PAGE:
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CHAPTER IV



Scarcely was Ben-Hur gone, when Simonides seemed to wake as from
sleep: his countenance flushed; the sullen light of his eyes
changed to brightness; and he said, cheerily,

"Esther, ring--quick!"

She went to the table, and rang a service-bell.

One of the panels in the wall swung back, exposing a doorway which
gave admittance to a man who passed round to the merchant's front,
and saluted him with a half-salaam.

"Malluch, here--nearer--to the chair," the master said, imperiously.
"I have a mission which shall not fail though the sun should. Hearken! A
young man is now descending to the store-room--tall, comely, and in the
garb of Israel; follow him, his shadow not more faithful; and every
night send me report of where he is, what he does, and the company
he keeps; and if, without discovery, you overhear his conversations,
report them word for word, together with whatever will serve to
expose him, his habits, motives, life. Understand you? Go quickly!
Stay, Malluch: if he leave the city, go after him--and, mark you,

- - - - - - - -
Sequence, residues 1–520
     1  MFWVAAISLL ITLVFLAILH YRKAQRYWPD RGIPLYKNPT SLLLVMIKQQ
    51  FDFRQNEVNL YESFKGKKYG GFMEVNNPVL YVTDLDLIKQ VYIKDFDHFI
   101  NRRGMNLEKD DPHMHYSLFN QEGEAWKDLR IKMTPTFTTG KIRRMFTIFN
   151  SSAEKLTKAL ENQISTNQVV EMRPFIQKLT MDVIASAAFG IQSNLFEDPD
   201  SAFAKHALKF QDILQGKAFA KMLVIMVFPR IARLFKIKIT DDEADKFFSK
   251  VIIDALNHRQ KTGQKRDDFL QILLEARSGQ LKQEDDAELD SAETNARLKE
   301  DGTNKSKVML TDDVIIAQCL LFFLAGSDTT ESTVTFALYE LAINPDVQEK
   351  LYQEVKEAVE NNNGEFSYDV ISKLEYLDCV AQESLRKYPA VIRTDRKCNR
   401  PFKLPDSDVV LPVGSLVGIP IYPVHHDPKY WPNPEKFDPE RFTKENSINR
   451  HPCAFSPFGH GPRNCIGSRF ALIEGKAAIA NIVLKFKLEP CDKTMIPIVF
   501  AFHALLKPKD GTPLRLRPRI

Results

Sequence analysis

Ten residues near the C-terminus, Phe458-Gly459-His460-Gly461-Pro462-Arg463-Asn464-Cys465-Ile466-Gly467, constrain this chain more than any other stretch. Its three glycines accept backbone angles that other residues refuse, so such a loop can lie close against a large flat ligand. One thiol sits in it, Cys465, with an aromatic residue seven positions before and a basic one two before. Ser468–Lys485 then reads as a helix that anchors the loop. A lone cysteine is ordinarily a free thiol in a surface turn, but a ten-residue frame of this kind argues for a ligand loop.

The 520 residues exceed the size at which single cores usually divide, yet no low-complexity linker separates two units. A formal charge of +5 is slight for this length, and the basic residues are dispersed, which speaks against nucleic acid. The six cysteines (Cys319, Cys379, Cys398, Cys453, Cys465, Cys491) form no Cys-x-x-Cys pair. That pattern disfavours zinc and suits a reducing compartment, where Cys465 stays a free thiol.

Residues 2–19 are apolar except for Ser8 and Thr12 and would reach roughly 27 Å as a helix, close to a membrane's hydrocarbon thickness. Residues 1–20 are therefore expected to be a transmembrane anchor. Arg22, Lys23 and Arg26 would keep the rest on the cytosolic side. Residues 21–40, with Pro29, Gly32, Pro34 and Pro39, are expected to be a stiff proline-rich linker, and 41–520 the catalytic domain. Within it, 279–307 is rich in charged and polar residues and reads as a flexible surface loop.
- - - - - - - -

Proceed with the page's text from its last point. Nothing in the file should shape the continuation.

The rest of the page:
Malluch, be as a friend. If he bespeak you, tell him what you will
to the occasion most suited, except that you are in my service,
of that, not a word. Haste--make haste!"

The man saluted as before, and was gone.

Then Simonides rubbed his wan hands together, and laughed.

"What is the day, daughter?" he said, in the midst of the mood.
"What is the day? I wish to remember it for happiness come.
See, and look for it laughing, and laughing tell me, Esther."

The merriment seemed unnatural to her; and, as if to entreat him
from it, she answered, sorrowfully, "Woe's me, father, that I
should ever forget this day!"

His hands fell down the instant, and his chin, dropping upon his
breast, lost itself in the muffling folds of flesh composing his
lower face.

"True, most true, my daughter!" he said, without looking up. "This
is the twentieth day of the fourth month. To-day, five years ago,
my Rachel, thy mother, fell down and died. They brought me home
broken as thou seest me, and we found her dead of grief. Oh, to
me she was a cluster of camphire in the vineyards of En-Gedi! I
have gathered my myrrh with my spice. I have eaten my honeycomb
with my honey. We laid her away in a lonely place--in a tomb cut
in the mountain; no one near her. Yet in the darkness she left me
a little light, which the years have increased to a brightness of
morning." He raised his hand and rested it upon his daughter's head.
"Dear Lord, I thank thee that now in my Esther my lost Rachel liveth
again!"

Directly he lifted his head, and said, as with a sudden thought,